U.S. Steel's 2Q loss $78M; locked out Canadian workers to vote on pact
U.S. Steel Corp. reported a second-quarter loss of $78 million, blaming costs from a labor dispute that shutdown its Lake Erie Works in Canada, slower economic growth and increased repair and maintenance costs.
Sales for the three-month period fell to $4.43 billion versus $5.02 billion a year ago.
The loss in the April-to-June period equaled 54 cents a share and compared to net income of $101 million, or 62 cents a share, a year ago.
The Pittsburgh-based steelmaker said it had expenses of about $70 million at the Lake Erie operations in Nanticoke, Ontario, and at its sister plant in Hamilton, Ontario. About 1,000 workers were idled at the Lake Erie Works when a lockout began on April 28 after members of the United Steelworkers union rejected a contract offer.
Union members at the Lake Erie Works are scheduled to vote on new contract offer from the company on Wednesday. “If the contract is approved, we plan to restart operations as soon as possible,” CEO John P. Surma said.
Surma said U.S. Steel's plants “operated well even with increased repairs and maintenance costs.”
Repairs and maintenance costs in the second quarter were about $30 million higher than the first quarter because of projects at Gary Works and Lake Erie Works. Shipments decreased because of the maintenance projects and the Lake Erie Works lockout, the company said.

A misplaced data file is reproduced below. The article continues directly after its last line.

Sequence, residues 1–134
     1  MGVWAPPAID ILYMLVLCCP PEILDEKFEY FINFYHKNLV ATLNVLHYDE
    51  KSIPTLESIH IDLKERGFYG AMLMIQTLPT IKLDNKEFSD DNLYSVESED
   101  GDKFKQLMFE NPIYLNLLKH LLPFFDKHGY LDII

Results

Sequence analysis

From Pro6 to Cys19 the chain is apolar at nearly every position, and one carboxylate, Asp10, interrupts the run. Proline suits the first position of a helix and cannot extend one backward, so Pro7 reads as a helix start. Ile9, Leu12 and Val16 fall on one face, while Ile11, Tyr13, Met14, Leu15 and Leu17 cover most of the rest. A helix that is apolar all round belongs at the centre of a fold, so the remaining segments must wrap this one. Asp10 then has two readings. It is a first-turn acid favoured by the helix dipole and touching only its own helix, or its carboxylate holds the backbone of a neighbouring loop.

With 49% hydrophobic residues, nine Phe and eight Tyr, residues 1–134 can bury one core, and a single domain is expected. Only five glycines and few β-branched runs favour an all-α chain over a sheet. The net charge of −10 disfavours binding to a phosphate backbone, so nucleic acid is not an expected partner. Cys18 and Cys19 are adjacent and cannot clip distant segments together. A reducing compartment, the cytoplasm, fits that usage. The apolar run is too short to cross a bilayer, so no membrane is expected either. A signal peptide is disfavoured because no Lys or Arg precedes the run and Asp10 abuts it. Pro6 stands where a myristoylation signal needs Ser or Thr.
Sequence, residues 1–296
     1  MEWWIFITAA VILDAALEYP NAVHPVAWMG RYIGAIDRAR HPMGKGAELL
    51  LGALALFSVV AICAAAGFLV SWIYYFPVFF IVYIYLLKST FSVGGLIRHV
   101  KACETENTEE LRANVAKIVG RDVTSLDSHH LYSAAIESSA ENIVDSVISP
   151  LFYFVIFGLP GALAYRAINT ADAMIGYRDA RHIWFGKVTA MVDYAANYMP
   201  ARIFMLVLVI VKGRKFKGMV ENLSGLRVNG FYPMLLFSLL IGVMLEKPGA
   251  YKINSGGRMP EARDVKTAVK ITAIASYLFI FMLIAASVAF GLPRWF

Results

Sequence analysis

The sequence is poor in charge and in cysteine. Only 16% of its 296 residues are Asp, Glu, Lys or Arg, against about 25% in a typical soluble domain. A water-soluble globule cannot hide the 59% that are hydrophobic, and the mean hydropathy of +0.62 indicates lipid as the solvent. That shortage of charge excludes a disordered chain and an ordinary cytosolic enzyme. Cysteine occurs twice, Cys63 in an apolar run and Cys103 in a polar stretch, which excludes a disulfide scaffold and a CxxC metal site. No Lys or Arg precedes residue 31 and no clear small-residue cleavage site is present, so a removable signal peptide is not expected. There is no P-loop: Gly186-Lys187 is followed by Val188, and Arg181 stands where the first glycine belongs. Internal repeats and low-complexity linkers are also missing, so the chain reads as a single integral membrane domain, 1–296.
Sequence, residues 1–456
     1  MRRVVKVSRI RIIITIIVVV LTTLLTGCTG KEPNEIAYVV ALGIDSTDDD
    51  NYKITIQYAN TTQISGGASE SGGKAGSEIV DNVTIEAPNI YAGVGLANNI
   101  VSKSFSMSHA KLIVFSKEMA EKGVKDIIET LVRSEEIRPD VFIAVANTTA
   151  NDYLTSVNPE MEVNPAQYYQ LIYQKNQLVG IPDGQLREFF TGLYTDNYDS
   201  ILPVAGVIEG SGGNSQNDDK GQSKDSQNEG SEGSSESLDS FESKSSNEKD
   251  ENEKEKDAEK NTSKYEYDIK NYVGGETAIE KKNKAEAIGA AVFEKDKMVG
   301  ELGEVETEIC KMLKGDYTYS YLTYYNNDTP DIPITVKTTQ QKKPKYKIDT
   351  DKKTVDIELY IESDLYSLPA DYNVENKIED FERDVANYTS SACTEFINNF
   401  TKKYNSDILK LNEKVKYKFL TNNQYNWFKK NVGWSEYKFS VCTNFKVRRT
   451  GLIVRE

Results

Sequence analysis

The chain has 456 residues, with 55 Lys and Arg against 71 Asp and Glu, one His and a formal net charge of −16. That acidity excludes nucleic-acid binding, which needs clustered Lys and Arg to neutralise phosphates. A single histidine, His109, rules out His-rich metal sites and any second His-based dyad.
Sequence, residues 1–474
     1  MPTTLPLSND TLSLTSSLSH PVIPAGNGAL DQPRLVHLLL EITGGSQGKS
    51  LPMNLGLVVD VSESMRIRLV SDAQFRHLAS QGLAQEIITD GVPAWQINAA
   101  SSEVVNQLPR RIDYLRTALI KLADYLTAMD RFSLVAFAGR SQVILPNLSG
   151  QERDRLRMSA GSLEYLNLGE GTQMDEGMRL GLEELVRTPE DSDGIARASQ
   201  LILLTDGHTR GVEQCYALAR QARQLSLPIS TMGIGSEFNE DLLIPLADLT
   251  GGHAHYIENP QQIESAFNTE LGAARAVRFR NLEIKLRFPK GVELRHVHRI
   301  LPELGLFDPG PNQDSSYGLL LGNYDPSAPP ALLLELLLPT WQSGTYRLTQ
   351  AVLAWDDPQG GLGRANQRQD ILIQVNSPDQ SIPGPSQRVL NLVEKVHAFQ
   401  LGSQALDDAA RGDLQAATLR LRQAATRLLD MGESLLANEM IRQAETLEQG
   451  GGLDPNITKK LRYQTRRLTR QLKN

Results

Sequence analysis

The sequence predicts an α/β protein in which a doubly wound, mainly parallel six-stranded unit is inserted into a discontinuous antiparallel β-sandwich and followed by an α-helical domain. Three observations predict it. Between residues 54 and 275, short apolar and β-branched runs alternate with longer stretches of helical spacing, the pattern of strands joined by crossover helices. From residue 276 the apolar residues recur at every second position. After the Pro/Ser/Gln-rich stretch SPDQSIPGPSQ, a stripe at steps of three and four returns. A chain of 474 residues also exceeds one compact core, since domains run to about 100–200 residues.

Results by business segment included a loss at the company's flat-rolled unit, and profits at its tubular business and at U.S. Steel Europe. It also had a $30 million profit from a real estate sale.
Surma said the flat-rolled segment's operating loss of $51 million resulted from increased costs from repairs and maintenance, higher natural gas costs and decreased shipments. That compared with operating profit of $177 million a year ago.
Operating profit at U.S. Steel Europe was $10 million, down from $38 million in the first quarter and $34 million in the second quarter of last year because of higher iron ore costs and lower prices.
The tubular segment had operating profit of $45 million, which was below the first-quarter profit of $64 million and year-ago profit of $103 million because of lower prices caused by imports.
Nine steel producers including U.S. Steel filed a trade case with government regulators on July 2, claiming 11 nations dumped oil and natural gas pipe products in the United States at below cost. The case will be the largest and most important in steel industry history, said analyst Michelle Applebaum in Chicago.
For the third quarter, Surma forecast improved results for the flat-rolled and tubular segments. But a blast furnace outage at the Great Lakes Works in Hamilton, the Lake Erie Works labor dispute, and a scheduled blast furnace outage in Europe will affect shipments. Tubular segment results are expected to improve because of anticipated drilling activity
John D. Oravecz is a staff writer for Trib Total Media. He can be reached at 412-320-7882 or firstname.lastname@example.org.